Clouds are made of water—thousands of gallons of water, floating high in the air. It’s easier to believe this when you know that cloud water takes the form of tiny droplets. The droplets are so tiny that you couldn’t see one if it was separated from all the others. If all these water droplets in a cloud meet a mass of warm air they evaporate – and the cloud disappears! This is why clouds are constantly changing shape.
Sometimes the water droplets join together around tiny pieces of dust in the air. These drops get bigger and bigger as more droplets collect. When they become too heavy to float, they fall.
There are three main kinds of clouds. “Cumulus” refers to the small puffballs or great wooly-looking clouds that are flat on the bottom. “Stratus” are low clouds, usually streaky or without much shape. And “cirrus” are light feathery clouds, like the ones in the photo. Sometimes cirrus clouds are so high, where the air is very cold, that the whole cloud is made of ice.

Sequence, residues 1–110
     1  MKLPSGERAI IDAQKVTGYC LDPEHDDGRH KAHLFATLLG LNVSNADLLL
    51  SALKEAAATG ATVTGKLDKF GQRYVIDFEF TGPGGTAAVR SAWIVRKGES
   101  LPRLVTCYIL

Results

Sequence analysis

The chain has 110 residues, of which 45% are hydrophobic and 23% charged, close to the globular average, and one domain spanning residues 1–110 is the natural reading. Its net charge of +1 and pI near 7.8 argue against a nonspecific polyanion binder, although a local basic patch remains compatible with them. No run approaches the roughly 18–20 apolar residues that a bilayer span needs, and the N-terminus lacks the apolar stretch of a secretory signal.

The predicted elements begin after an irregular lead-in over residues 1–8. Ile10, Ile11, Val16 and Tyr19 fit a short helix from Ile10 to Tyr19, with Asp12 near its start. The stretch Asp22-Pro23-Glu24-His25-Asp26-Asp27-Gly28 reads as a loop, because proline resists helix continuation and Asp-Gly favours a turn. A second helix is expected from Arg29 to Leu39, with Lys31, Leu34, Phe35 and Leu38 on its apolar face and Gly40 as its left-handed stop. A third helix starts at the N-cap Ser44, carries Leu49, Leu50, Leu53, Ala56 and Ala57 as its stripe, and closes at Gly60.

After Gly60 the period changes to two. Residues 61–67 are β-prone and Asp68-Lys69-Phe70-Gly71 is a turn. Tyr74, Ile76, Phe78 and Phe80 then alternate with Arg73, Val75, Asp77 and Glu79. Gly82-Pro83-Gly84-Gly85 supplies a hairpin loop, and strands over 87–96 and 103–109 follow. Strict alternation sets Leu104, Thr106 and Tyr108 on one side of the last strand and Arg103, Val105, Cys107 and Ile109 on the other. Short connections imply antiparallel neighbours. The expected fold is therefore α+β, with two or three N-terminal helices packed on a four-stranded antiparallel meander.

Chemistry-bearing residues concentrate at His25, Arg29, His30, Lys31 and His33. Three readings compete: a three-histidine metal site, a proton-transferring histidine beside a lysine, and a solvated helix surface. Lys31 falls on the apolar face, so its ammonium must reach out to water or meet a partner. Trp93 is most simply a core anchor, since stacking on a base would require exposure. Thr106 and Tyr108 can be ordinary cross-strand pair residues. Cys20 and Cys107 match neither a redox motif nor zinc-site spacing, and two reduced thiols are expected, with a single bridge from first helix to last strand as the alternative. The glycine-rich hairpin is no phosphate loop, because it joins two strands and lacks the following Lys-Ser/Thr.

Adding “nimbus” to any of these names changes it to mean a rain cloud. Tall white cottony rain clouds are called “cumulonimbus,” or thunderheads. They often bring thunderstorms. Flat gray rain clouds are called “nimbostratus.” They usually bring only rain.
Snow, sleet, and hail also fall from clouds. Snow and sleet fall only on cold winter days. Hailstones can fall even on a warm summer day.
In the summer, small cumulus clouds that appear in the morning often turn into dark cumulonimbus clouds during the day.
Beside the basic cloud types, there are subgroups and some unusual cloud formations.
In mountainous regions, lenticular clouds are a common sight. They form only over mountain peaks and resemble a stack of different layers of cloud matter. Noctilucent clouds form only between sunset and sunrise, and are only seen in high latitude countries. Contrails (condensation trails) are artificial clouds formed from the engine exhaust of high altitude aircraft.